Picture yourself blasting across bubblegum blue water – a small ramp forming every now and then to launch off. Never too windy but always some form of breeze. Heading back to shore the tropical greenery flutters in the wind and the whole vista is picture postcard stunning.
If that doesn’t get you frothing at the mouth, then nothing will! Antigua truly is a freeride windsurfing paradise.
Flying into VC Bird Airport is ideal for windsurfers, as during the approach you swoop down to sea level and are given a bird’s eye view of the conditions.
Trade Winds hit the northern part of the island first – and it’s here that the majority of the windsurfing action takes place.
If you don’t want to drive too far for your windy fix then it’s best to pick an accommodation option in this area. There are plenty to choose from, particularly around the Dickenson Bay area, which just so happens to be on the main road that swings past Jabberwock Beach – probably the most consistent and popular spot on the island.
Here the breeze puffs straight onshore, allowing you to sail along parallel to the coast. A few small shallow reef areas can be spotted from the beach – some are buoyed-off for your safety – but other than that it’s a great place to blast, gybe and jump.
If you spent your whole trip just sailing at Jabberwock Beach it wouldn’t be a bad thing.
Heading round the corner to the northeast side of Antigua, the wind swings a little more side shore from the right.
The UK water sports company Sunsail used to be based out of Club Colona in Hodges Bay. The hotel is still there, and remnants of old windsurf kit can be seen lying around, but they no longer hire gear or offer lessons.
There are access points to the water if you search, and the sailing here can be quite relaxing. There is usually a slight wind shadow on the inside but once off the beach the breeze is steady and consistent.
Venturing over to the Atlantic side of Antigua, many windsurfers choose to head to Half Moon Bay. The spot can be a little tricky to find but it’s worth searching out as the sailing can be awesome. On its day the beach even gets a small wave for some aerial antics.
It’s worth pointing out that the shore break can be challenging to the inexperienced. If it looks nasty—and you’re not feeling confident—then avoid it.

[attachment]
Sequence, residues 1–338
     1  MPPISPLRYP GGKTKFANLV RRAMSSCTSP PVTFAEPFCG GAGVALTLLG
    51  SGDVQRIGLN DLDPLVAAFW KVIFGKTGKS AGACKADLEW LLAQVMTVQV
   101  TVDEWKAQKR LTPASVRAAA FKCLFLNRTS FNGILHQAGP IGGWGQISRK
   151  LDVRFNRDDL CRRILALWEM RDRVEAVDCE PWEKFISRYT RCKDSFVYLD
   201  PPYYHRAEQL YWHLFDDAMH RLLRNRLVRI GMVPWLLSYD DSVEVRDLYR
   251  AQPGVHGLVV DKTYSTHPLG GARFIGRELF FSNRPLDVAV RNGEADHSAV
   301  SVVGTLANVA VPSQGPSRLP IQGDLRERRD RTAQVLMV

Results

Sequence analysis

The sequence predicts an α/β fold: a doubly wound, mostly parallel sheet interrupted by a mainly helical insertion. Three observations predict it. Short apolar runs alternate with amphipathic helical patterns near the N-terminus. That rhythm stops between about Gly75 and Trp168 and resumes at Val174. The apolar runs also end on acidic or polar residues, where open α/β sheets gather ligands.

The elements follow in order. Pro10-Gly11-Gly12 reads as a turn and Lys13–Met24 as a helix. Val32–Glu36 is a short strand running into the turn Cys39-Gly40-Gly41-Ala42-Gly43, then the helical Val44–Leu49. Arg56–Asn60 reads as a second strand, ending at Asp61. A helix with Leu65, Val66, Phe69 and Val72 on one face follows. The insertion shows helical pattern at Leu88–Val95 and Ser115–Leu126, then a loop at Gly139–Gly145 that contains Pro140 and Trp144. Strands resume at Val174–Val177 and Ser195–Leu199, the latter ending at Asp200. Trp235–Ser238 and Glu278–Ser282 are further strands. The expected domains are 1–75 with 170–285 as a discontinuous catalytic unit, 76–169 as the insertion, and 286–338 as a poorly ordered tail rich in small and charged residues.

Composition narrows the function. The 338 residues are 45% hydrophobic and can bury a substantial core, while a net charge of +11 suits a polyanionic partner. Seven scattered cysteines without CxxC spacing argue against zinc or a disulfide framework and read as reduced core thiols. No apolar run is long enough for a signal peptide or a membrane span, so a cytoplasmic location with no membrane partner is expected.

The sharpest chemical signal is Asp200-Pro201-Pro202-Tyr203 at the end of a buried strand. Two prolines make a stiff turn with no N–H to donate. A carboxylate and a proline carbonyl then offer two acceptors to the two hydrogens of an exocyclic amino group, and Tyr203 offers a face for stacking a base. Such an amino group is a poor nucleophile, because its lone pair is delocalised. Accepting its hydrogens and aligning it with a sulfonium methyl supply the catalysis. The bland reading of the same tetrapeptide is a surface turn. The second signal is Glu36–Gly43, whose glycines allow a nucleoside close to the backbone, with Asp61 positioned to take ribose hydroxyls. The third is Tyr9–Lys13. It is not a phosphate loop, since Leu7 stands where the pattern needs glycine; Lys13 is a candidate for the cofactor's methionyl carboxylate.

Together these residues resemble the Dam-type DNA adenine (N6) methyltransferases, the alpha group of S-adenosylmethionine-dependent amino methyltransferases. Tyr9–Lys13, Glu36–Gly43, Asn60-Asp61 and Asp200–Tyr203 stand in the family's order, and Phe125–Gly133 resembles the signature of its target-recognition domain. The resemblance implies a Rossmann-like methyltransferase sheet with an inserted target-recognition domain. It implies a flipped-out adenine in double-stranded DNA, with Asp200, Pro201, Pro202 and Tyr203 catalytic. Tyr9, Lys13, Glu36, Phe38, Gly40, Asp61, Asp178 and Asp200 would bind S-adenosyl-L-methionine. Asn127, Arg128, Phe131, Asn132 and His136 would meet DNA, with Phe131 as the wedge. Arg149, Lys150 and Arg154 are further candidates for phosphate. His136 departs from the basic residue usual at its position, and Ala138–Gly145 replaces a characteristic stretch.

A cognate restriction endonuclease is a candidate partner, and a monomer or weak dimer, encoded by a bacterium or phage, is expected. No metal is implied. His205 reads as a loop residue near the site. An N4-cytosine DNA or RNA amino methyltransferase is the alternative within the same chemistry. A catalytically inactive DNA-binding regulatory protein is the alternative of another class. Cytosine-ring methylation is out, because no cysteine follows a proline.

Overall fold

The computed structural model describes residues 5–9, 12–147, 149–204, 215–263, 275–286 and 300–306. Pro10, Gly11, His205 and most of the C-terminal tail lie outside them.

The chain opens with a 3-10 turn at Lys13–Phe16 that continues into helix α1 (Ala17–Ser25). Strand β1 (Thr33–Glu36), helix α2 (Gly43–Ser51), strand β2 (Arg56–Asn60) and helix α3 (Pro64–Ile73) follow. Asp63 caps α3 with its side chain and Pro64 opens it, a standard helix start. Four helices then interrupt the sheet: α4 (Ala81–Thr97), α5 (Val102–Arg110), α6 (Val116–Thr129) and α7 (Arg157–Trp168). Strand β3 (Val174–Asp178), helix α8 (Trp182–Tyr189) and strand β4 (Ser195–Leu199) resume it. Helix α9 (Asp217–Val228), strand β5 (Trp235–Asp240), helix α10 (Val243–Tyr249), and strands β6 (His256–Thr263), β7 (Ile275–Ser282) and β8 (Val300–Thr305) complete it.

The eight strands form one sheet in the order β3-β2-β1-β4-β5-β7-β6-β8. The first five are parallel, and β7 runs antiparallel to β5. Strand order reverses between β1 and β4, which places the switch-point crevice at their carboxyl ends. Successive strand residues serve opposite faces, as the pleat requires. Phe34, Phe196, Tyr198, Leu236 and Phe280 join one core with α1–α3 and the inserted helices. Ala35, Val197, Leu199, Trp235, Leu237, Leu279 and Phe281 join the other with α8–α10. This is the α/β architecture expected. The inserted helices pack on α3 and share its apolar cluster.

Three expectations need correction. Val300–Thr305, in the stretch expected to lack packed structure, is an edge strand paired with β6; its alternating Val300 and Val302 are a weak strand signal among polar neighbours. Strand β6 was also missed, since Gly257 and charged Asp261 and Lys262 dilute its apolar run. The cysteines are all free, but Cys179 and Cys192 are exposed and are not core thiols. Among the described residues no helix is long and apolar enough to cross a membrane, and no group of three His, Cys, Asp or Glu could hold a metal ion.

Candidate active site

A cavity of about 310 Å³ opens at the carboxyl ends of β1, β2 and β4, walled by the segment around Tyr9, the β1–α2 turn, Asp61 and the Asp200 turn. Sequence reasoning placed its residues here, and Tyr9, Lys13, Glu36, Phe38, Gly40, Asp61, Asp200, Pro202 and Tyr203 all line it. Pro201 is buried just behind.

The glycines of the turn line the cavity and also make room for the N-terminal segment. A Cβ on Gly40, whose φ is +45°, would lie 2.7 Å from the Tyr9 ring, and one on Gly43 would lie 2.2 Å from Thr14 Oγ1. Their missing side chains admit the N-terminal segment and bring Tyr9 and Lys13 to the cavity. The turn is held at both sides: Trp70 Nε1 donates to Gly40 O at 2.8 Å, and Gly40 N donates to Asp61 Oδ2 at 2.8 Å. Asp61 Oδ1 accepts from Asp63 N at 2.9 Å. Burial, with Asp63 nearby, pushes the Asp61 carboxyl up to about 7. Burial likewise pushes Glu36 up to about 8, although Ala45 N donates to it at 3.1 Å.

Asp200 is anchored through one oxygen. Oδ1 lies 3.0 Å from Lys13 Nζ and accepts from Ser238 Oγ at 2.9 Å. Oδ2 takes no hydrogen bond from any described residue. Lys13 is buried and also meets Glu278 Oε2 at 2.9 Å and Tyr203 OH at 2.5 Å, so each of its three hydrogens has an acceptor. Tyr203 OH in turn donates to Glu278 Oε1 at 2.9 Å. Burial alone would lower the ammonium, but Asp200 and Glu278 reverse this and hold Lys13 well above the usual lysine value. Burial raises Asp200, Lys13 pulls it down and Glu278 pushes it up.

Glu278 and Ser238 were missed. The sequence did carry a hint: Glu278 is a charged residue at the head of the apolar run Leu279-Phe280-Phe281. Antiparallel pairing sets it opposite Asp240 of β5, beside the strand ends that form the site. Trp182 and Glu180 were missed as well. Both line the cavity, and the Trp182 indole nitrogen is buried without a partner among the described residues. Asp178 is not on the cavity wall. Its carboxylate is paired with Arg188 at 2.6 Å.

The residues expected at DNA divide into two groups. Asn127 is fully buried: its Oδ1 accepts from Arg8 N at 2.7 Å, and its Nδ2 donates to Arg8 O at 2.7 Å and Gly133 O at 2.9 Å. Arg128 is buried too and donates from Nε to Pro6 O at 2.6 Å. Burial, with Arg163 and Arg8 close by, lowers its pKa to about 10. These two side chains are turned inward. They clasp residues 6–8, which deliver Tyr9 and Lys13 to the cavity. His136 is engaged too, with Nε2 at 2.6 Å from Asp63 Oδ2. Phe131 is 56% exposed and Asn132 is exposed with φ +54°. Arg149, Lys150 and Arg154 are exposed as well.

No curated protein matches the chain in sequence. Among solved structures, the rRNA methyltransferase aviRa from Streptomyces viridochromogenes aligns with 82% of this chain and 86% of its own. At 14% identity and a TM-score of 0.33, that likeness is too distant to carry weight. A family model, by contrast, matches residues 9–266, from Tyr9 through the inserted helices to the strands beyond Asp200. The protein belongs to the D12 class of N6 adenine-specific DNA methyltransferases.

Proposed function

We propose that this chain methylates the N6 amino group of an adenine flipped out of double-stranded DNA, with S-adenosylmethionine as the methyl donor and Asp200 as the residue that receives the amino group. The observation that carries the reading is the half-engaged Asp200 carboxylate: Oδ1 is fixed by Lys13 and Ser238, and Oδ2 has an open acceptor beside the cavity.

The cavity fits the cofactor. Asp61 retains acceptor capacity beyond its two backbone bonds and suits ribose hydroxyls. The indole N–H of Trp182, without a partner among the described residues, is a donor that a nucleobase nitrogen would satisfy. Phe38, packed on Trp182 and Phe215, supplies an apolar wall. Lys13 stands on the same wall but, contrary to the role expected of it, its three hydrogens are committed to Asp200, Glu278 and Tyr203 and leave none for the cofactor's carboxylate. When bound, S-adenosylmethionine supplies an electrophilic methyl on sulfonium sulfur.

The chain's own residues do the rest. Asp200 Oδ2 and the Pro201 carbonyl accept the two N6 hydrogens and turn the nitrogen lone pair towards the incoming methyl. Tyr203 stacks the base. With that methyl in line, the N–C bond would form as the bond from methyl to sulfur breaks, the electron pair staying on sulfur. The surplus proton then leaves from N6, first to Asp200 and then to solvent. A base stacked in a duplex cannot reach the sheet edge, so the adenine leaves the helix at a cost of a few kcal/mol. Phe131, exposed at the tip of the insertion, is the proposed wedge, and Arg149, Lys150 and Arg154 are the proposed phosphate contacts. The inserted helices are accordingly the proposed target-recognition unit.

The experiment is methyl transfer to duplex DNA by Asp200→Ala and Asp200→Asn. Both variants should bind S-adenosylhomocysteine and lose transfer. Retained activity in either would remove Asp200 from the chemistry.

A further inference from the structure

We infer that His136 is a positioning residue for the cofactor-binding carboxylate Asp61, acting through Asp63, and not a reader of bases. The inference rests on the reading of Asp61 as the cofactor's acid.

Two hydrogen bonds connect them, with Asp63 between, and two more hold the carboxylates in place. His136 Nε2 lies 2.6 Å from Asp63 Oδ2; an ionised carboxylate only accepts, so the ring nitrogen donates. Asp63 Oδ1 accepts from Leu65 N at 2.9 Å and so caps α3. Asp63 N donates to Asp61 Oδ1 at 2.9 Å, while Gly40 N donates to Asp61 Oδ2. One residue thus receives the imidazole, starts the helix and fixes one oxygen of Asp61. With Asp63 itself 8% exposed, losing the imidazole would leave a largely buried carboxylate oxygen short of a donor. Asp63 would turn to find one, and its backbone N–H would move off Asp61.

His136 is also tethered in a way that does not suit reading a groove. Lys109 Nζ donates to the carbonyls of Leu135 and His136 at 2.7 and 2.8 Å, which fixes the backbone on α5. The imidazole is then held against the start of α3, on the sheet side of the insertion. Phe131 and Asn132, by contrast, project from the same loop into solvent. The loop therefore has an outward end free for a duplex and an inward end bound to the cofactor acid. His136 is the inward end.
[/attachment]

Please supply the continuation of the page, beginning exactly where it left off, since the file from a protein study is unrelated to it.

If you’re a hard-core wave head then Antigua isn’t the destination for you. A shallow reef shelf blocks most swell activity and surrounds the island. Having said that, there is one place which is pretty good, but you’ll need a boat …
Lying approximately four kilometres opposite the mouth of St. Johns harbour is a small sandy atoll sitting on its lonesome. Sandy Island nestles just outside of Antigua’s reef barrier and picks up a decent amount of surf.
If you’re competent in waves (and you’ll need to be, as the break is shallow, fast and hollow) then with the right amount of persuasion you could get a local to ferry you across or even hire a craft yourself.
But remember – if things go awry, then it’s a pretty lonely place!
Tuition and hire
Windsurf Antigua is based at Jabberwock Beach and offers kit hire and lessons. The gear available is freeride in nature (90L – 150 L boards) and will get you on the water in no time if you’re not taking your own equipment.
Patrick Scales runs the outfit and is contactable via his website: www.windsurfantigua.net
If, during your visit, the wind should not blow then fear not as there are plenty of other activities to keep you amused.
St Johns is the buzzing capital of Antigua and has a choice of shopping outlets to browse.
Dickinson Bay features a number of water sports rental shacks that offer dinghy and catamaran sailing, waterskiing, wakeboarding and banana boat rides.
Eating and drinking is fantastic in Antigua with great restaurants on offer. On Sunday night Shirley Heights Lookout, overlooking Nelson’s Dockyard, is the place to be.
Tez Plavenieks is an experienced freelance writer specialising in action sports and travel. He currently edits, writes and produces content for a variety of different outlets both online and in print.